“I’m still a stranger to some people here, but I don’t see myself as a stranger,” said Miriam Salah, owner of Sahara Grill and Cafe. “I see myself as from Richmond, Virginia.”
With family and roots in North Sudan, the culture Salah came from has many contrasts to the Commonwealth — but living in Richmond since 1998, the entrepreneur aims to show Americans the world through her food. Salah hopes her presence in Jackson Ward will invite customers to experience new tastes.
“I’ve lived here for so long, I’ve witnessed all these changes in downtown Richmond,” she said. “I just came to Jackson Ward last year, but I came at the right time, I think the opportunity is here. We have a lot of young people who know better than our old people, Richmond is getting more multicultural. ”
Even with 19 years in Richmond, Salah has deeper roots around the state. She got her MBA from Howard University in Washington, D.C. before opening her restaurant here with her husband.
Sahara Grill and Cafe had its debut as Al Kawthar near VCU’s Monroe Park campus. Salah’s recipes were loved by many for about four years while Al Kawthar was open at 1517 W. Broad St., before moving to the new rebranded location last year, which opened last year at 114 East Clay St.
“Al Kawthar has more to do with Middle Eastern and Muslim cultures, but a lot of my American fellows didn’t know how to pronounce the name correctly,” Salah said. “I decided to change the name to Sahara Grill and Cafe because it reflects the food we’re doing, and people know it.”
In Jackson Ward, the new spot gave them space for a full restaurant dining room and a hookah lounge in the back. Salah plans to cover all of the Saharan and sub-Saharan nations with her menu, which already includes dishes across the area from Morocco, Yemen, Sudan and Egypt.
“Our chefs are from Egypt, Yemen, Iraq, Morocco and Saudi Arabia,” Salah said. “I have a sister from Uganda. She learned how to make all the food here, and now she does it better than I do!”
Salah sees much of her business from international VCU students and Richmond’s Arab communities. As VCU attracts more Middle Eastern students to her business, she wants to cater her business to those kids while showing Americans what she has to offer.
“I’m here, I’m trying to make it,” she said. “There are some challenges here, we are at the heart of the black community in Jackson Ward and it’s hard to build exotic foods and ideas. I have some market niche to support me with VCU and the people here in Richmond.”
Salah noted her business is about 25 percent VCU students, 25 percent Arab communities, and 25 percent white Americans. The other 25 percent, she says, are Muslim people other than Arabs and often people travelling through the country who look for Halal food along their trips.
“Americans are very friendly, very open-minded and open to strangers unlike any other nationality,” she said. “I travel a lot, I’ve never seen something like this. And I share this with so many people and they agree, they know the difference between nations. American nations have a very specific and very friendly people.”
The business draws many Americans who have travelled abroad, Salah said. She notices that many travelers appreciate the food and know it as a healthy option. Their Halal food is created from the very beginning, and they don’t believe in pre-processed food that is common in the American industry.
Halal refers to the standards for Muslim food, and is prepared according to codes laid out by Muslim law. Halal criteria are comparable to those of Jewish kosher food (though still with notable differences), and Salah has noticed the two cultures supporting each other.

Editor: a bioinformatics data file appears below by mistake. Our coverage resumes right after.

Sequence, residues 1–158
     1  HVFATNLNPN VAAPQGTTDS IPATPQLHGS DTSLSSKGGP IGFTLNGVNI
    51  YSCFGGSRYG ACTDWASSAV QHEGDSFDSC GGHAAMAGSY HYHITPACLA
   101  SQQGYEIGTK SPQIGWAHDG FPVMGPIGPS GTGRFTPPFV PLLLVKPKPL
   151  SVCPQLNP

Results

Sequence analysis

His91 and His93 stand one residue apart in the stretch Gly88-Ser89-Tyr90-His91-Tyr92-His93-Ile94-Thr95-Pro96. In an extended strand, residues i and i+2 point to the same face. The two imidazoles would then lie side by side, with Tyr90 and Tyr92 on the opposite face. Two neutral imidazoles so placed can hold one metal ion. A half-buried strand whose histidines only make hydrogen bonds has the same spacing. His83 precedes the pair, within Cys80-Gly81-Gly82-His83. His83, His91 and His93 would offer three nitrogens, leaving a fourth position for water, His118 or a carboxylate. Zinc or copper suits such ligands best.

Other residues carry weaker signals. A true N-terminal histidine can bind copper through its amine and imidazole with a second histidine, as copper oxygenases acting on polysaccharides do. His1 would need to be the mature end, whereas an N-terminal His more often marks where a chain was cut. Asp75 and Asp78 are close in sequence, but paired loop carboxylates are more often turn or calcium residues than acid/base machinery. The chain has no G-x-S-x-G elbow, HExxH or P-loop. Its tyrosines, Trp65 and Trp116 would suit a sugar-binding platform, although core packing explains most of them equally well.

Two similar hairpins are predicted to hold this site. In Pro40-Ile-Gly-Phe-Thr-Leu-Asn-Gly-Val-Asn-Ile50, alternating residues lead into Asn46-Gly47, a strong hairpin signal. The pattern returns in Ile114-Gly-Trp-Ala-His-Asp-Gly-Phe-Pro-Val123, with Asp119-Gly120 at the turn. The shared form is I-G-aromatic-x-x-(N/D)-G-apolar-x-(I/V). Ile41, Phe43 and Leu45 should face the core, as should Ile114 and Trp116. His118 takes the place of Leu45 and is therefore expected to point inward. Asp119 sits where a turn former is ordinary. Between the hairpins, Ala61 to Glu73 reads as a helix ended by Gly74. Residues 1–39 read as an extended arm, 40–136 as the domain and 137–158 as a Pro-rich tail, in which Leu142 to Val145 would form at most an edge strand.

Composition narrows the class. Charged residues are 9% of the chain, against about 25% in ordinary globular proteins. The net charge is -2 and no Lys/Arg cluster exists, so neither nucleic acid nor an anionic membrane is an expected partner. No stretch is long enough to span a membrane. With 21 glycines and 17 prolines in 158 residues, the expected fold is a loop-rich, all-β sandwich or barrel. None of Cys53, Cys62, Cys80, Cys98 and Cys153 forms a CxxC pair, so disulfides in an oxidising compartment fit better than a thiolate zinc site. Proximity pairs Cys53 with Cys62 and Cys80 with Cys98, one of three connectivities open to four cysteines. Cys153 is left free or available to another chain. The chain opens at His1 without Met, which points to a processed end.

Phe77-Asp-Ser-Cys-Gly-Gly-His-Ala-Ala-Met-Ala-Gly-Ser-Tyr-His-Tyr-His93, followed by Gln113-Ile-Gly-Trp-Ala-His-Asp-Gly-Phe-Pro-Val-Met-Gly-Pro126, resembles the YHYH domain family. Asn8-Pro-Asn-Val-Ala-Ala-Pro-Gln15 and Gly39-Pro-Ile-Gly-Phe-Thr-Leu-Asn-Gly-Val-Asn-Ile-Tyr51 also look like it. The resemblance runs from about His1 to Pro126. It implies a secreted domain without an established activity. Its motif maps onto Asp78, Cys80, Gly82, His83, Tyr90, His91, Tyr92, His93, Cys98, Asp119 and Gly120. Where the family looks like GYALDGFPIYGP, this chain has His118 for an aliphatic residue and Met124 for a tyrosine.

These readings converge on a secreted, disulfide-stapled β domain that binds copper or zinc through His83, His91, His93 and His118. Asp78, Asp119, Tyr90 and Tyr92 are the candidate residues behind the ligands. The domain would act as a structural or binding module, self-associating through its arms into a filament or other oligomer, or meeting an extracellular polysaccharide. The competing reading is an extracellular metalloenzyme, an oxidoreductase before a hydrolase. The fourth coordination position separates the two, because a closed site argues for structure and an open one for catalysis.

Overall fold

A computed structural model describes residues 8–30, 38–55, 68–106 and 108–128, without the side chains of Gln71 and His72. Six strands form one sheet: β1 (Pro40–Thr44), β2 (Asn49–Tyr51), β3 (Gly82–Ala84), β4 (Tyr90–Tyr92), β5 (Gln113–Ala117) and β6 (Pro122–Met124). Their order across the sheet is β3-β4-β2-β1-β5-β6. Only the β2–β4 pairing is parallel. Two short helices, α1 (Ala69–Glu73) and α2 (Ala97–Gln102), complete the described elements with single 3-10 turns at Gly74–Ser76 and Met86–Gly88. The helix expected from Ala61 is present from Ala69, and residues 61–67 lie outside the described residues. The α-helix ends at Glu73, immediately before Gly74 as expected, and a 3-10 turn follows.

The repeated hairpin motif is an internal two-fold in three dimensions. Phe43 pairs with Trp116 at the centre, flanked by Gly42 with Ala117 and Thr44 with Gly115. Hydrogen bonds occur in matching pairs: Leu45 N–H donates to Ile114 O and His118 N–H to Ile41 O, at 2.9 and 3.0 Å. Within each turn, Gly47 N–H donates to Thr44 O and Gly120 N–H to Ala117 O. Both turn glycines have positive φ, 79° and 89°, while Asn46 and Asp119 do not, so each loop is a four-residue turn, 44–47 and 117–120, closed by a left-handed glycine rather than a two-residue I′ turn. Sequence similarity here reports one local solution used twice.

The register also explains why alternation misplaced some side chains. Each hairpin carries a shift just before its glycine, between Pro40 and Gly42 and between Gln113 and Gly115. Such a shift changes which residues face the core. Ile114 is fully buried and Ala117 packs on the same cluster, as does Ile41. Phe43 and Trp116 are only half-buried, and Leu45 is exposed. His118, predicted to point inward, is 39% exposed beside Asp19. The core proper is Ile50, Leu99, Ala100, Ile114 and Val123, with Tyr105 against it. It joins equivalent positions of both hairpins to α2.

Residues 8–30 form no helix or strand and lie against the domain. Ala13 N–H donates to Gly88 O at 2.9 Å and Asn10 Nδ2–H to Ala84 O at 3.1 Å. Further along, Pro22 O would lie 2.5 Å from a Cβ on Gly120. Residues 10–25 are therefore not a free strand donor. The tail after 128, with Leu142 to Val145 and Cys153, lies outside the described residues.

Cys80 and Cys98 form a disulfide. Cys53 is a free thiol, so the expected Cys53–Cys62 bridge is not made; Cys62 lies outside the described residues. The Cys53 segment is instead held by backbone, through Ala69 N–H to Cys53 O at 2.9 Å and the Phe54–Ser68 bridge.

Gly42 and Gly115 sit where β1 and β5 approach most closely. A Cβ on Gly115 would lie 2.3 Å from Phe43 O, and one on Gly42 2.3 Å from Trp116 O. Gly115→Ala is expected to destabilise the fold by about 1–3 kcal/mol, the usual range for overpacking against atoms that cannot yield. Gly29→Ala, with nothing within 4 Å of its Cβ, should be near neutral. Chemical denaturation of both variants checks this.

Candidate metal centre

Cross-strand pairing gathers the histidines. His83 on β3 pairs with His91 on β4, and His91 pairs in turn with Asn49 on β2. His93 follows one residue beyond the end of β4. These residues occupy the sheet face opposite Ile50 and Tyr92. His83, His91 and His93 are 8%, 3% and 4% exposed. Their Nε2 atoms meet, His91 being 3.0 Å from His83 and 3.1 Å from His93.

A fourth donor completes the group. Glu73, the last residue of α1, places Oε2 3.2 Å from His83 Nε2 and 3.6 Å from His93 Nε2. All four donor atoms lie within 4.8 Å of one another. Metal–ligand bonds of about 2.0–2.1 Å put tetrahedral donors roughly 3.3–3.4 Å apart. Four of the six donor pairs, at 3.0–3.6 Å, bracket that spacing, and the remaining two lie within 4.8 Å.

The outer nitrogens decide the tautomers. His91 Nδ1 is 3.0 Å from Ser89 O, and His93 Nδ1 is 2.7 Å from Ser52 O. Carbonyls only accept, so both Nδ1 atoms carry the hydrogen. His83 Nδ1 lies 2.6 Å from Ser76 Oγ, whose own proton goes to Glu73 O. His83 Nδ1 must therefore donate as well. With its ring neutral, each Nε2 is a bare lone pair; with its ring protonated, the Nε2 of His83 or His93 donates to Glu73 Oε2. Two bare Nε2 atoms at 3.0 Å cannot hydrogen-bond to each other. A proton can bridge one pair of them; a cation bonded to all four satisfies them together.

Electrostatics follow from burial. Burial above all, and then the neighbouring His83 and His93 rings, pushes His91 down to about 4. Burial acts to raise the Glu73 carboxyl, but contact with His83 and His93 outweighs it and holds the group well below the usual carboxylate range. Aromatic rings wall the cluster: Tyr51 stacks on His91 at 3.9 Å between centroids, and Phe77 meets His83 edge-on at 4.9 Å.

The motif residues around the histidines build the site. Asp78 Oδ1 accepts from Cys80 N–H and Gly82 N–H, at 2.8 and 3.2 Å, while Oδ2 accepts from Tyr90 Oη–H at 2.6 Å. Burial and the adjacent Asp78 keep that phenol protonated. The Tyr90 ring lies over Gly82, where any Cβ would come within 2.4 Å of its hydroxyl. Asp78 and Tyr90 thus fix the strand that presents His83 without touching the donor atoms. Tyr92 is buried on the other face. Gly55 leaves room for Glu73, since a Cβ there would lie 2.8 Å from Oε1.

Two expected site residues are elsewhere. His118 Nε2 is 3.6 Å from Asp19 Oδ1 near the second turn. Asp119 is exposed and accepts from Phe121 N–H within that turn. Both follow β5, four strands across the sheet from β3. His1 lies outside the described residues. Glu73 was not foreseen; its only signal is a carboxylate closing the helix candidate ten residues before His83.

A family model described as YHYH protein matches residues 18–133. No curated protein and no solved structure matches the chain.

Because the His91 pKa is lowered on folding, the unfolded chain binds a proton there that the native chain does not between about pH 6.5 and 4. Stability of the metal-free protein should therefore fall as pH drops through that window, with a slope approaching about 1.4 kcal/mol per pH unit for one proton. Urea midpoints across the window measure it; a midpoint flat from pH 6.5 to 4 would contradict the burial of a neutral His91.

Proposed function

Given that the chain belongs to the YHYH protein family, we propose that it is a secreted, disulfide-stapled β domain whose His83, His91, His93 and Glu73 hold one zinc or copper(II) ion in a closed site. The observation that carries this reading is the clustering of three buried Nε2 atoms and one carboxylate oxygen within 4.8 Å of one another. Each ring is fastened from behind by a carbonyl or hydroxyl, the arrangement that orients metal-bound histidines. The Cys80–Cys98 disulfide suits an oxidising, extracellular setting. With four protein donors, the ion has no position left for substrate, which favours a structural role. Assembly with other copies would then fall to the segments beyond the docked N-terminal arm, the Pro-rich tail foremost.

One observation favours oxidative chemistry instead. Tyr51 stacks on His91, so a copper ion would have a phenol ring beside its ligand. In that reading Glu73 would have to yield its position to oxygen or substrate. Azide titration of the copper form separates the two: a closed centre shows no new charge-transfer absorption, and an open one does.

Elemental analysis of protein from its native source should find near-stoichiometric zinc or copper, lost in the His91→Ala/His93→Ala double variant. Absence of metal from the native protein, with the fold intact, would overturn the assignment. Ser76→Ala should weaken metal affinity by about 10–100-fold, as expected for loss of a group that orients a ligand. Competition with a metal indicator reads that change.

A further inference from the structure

“Even though they fight, they really appreciate each other,” she said. “I think the Jewish and Muslim people have a lot in common culture-wise. We look for their places, they look for our places. We eat the same things and we come together.”
Catching up with Salah, the RVA Mag team was treated to a dish with Halal lamb cut fresh and marinated overnight in cinnamon and other spices. The meat is then cooked for three hours while the basmati rice is cooked from scratch: an Indian rice that’s fluffy and long, then garnished. Sahara Grill and Cafe makes everything homemade, even their lentil soup and cucumber sauce which combines garlic and mint for a surprisingly great taste.
“Food is cultural, food is like a drug,” she said. “The more you eat of a certain kind, the more you want it.”
For people with all different tastes, Salah encourages curious customers to come check out her menu and its variety.
“I’m in Jackson Ward, and I’m trying to sell Halal food,” she said. “But a lot of the people here don’t know hummus or falafel, they don’t want it…so this is a challenge. I’m trying to get the word out, I’m trying to get people to taste it and read about it.”
In the meantime, Salah is just glad to see the friendly faces of her community and share her craft. She brings pieces from American culture into her work and leans on her family for support, with history in Sudan where people share everything they have.
“Sudan has the good things and the bad things,” she said. “The food is a good thing, the people are the good things, how family comes together. But we lack freedom there, we don’t have freedom to express ourselves. I think I’m one of those lucky ones that made my way here to the United States of America, and I’m living my dream here.”
Salah’s roots have impacted her life in the States deeply, but she is always enthusiastic to share the best pieces from her origins with the community in Richmond.
“Wherever you go, you interact, and I believe in blending,” she said. “We take and we give. I think we’re taking from the American culture and we’re giving back as well.”